Lowe syndrome is a hereditary disease characterized by three groups of symptoms: 1) eye manifestations, 2) central nervous manifestations, and 3) kidney manifestations. The disease is said to mostly occur in boys and very rarely in girls.
Patients with Lowe’s syndrome present with three groups of symptoms listed below:
Abnormalities such as congenital cataract are observed. Congenital cataract is present bilaterally from the time of birth in almost all patients. The majority of patients are reported to have a vision of 0.2 or less.
2）Central nervous manifestations
Cognitive impairment, psychomotor retardation, convulsion, behavioral abnormalities, hypotonia, etc. are present.
There are differences among individuals in the degree of cognitive impairment and developmental retardation, but most commonly, the severity of the disorder is mild or moderate. It is said that many patients become able to walk independently at the age of 6 to 13 years. Convulsive seizure occurs in a little less than half of patients, but there are individual differences in the pattern of seizures. Behavioral abnormalities such as self-harm behavior are reported to occur as aging in about half of all patients.
3） Kidney manifestations
The dysfunction of a part of the kidneys called the proximal renal tubule causes the condition where amino acids, glucose, and electrolytes that cannot be reabsorbed leak into the urine (Fanconi syndrome). Consequently, symptoms such as failure to thrive, rickets, metabolic acidosis (the blood becomes acidic) may appear (see table below). In addition, the excretion of calcium into urine increases, and as a result, nephrocalcinosis is observed in about half of all patients. According to an investigation in Japan, patients develop end-stage kidney disease most commonly in their 30s to 40s.
Table Symptoms of Lowe syndrome based on a questionnaire survey in Japan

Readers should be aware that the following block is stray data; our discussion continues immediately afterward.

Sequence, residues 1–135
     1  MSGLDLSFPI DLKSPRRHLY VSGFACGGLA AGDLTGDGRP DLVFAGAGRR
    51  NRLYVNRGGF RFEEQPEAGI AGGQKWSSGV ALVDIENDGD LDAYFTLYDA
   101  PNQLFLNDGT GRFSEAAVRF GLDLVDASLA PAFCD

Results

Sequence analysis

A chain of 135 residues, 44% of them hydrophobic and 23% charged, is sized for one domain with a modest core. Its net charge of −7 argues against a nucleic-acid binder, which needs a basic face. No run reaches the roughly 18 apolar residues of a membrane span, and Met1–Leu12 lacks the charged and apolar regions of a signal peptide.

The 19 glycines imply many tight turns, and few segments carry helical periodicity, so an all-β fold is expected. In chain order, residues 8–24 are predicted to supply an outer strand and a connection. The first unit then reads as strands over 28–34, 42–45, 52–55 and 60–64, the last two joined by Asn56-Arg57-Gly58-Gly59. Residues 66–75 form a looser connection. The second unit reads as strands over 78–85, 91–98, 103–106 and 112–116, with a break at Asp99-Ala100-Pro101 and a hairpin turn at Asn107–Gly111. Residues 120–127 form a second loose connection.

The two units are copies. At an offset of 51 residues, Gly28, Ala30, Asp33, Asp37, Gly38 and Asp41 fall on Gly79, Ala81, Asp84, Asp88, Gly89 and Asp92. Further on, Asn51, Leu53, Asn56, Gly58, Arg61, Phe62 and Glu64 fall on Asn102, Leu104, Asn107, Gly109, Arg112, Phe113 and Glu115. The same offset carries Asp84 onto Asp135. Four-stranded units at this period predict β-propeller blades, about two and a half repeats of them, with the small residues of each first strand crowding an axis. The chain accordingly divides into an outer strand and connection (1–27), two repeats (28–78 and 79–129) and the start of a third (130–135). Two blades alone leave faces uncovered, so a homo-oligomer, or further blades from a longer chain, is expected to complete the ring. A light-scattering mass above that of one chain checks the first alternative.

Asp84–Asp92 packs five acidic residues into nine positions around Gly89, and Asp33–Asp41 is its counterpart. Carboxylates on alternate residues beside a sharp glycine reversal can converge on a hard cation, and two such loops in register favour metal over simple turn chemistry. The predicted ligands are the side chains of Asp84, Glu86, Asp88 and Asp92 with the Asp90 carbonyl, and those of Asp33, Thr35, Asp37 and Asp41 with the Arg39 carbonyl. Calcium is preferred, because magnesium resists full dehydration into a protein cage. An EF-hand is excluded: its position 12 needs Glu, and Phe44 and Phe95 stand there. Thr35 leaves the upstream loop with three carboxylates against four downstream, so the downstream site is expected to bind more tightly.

(Cited from “A Nationwide Survey on Hereditary Diseases Presenting with Tubular Proteinuria. ” Health and Labor Sciences Research Grants for FY 2015 to 2016 [Research Program on Rare and Intractable Diseases])
Treatment is mainly symptomatic. Cataract often requires surgery. Convulsion is treated with anticonvulsant drugs, and muscle weakness is treated with physiotherapy. Various symptomatic treatments are given for kidney failure. There have also been some cases that progressed to end-stage kidney disease and required dialysis or kidney transplantation.
It is estimated that the disease occurs in a few out of 100,000 boys, but the accurate frequency and number of patients are unknown.
OCRL on chromosome X has been identified as the responsible gene causing this syndrome.
It is known to be an X chromosome recessive hereditary disease.
Being a carrier means that a person carries a gene that can cause a disease (X’ chromosome in the figure above) but does not develop the disease
In Figure 1, the mother carries an X’ chromosome causing the disease, but the other chromosome (X chromosome) is normal, and so she is a carrier but does not develop the disease. Among her children, if a son, who has only one X chromosome, inherits the X’ chromosome from her mother, he develops the disease. If a daughter inherits the X’ chromosome from her mother, the other chromosome is normal, so she becomes a carrier like her mother.
In Figure 2, the father has an X’ chromosome causing the disease, and this is the only X chromosome he has, and so he develops the disease. Among his children, because sons inherit a normal X chromosome from their mother, they are normal. On the other hand, girls inherit the X’ chromosome causing the disease from their father, and so they both become carriers.
Treatment is mainly symptomatic. Renal dysfunction is progressive, and patients are reported to progress to end-stage kidney disease most commonly in their 30s to 40s.
2.Central nervous manifestations (psychomotor retardation)
B Laboratory findings
1.Urineβ2MG >5000 µg/L
C Differential diagnoses
Dent disease, mitochondrial disorders, galactosemia, hereditary fructose intolerance, Fanconi-Bickel syndrome
D Genetic testing
１．Mutation in the OCRL gene
Definite：2 items of A + 1 item of B are met, differential diagnoses of C are excluded, and D is met.
Probable：2 items of A + 1 item of B are met, and differential diagnoses of C are excluded.
Table 1 Frequency of the clinical symptoms of Lowe syndrome based on a questionnaire survey in Japan
(Cited from “A Nationwide Survey on Hereditary Diseases Presenting with Tubular Proteinuria.” Health and Labor Sciences Research Grants for FY 2015 to 2016 [Research Program on Rare and Intractable Diseases])